The name of this week’s Torah portion, Mas-ei, means “journeys.” This chapter in the Book of Numbers addresses some of the challenges the people of Israel take as they wander through the wilderness.
In our world today, navigating the complexities facing our people can often feel like being lost in the wilderness. With the escalation of the war between Gaza and Israel and with the resurgence of mob driven anti-Semitism in Europe, we are often pressed by coworkers, acquaintances and friends on what we think and believe is going on. While most of us do our best to represent our faith and heritage to the general public, our knowledge is often very limited and we can find ourselves wandering through assumptions we make based on incomplete information.
I personally continue to struggle to find the best navigation tools as the media and social media is woefully partial on all sides. As Jews, however, I do believe there are a few central elements we can continue to hold as central to our communal understanding of the wilderness ahead.
First and foremost in every conversation we have, it is extremely important to express the paramount value of human life. We mourn for the loss of all life. In war the loss of life, especially those who are the innocent victims of conflict, is tragic.
Secondly, we recognize the horrible conditions under which the Palestinian people continue to live. There is a humanitarian crisis which needs to be addressed, but this crisis is not the fault of Israel. Any argument that blames this crisis entirely on the Israeli blockades needs to be refuted. These blockades have been put in place specifically because weapons are consistently smuggled into Gaza through the shipment of everyday supplies.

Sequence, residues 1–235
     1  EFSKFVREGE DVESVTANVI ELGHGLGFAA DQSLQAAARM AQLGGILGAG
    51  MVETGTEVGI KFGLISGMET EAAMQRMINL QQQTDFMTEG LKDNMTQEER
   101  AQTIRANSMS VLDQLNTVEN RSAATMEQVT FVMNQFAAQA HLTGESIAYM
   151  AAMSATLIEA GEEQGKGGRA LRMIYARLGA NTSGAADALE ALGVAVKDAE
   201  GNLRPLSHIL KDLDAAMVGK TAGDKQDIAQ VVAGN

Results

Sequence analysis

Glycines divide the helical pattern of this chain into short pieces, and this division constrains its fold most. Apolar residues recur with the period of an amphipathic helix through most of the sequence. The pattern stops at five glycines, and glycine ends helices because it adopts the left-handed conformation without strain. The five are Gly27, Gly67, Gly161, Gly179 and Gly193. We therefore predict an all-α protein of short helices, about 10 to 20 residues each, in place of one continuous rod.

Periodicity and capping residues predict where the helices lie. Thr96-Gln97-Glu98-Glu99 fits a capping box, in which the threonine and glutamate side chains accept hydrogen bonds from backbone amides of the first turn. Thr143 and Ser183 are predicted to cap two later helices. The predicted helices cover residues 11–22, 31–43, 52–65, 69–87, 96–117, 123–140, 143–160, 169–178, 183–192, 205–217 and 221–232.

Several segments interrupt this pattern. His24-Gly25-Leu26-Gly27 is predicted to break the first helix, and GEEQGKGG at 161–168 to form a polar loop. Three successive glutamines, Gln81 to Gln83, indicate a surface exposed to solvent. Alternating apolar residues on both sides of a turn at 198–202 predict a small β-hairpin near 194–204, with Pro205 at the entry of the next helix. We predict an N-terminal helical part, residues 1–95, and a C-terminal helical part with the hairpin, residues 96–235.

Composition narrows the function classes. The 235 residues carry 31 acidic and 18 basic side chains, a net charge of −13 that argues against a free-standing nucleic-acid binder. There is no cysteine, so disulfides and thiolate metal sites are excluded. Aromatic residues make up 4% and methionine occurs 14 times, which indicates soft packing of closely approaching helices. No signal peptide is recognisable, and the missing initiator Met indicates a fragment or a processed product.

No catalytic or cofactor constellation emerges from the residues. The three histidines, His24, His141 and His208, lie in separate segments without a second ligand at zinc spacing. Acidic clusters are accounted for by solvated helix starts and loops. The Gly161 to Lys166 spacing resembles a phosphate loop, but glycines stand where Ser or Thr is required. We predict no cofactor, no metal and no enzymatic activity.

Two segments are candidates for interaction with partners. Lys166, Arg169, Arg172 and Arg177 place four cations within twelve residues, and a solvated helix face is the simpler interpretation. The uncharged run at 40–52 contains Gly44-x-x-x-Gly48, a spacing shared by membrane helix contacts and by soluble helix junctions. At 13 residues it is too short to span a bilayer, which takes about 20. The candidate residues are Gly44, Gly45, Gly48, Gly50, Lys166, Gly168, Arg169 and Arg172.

Thirdly, it is important to emphasize that Israel ONLY wants peace. When people criticize Israel for its military actions, it is important to emphasize that Israel has the right to defend herself and secure its borders like any other country in the world.
Finally, Israel would like nothing more than to exist in a region where it could put down its weapons for good – but that is not the case. If Israel were to put down its weapons and declare unilaterally that it would no longer defend itself, Israel would be annihilated immediately. In contrast, if Hamas unilaterally laid down its weapons and never shot another rocket or committed another act of terror – the result would be peace.
These arguments may be over simplified, but they are rooted in the core principles we hold to be true. While ongoing diligent research is essential to each of our dialogues and arguments in days ahead, these statements can help us navigate the complex political wilderness into which we have been thrown.
L’Shalom — Steve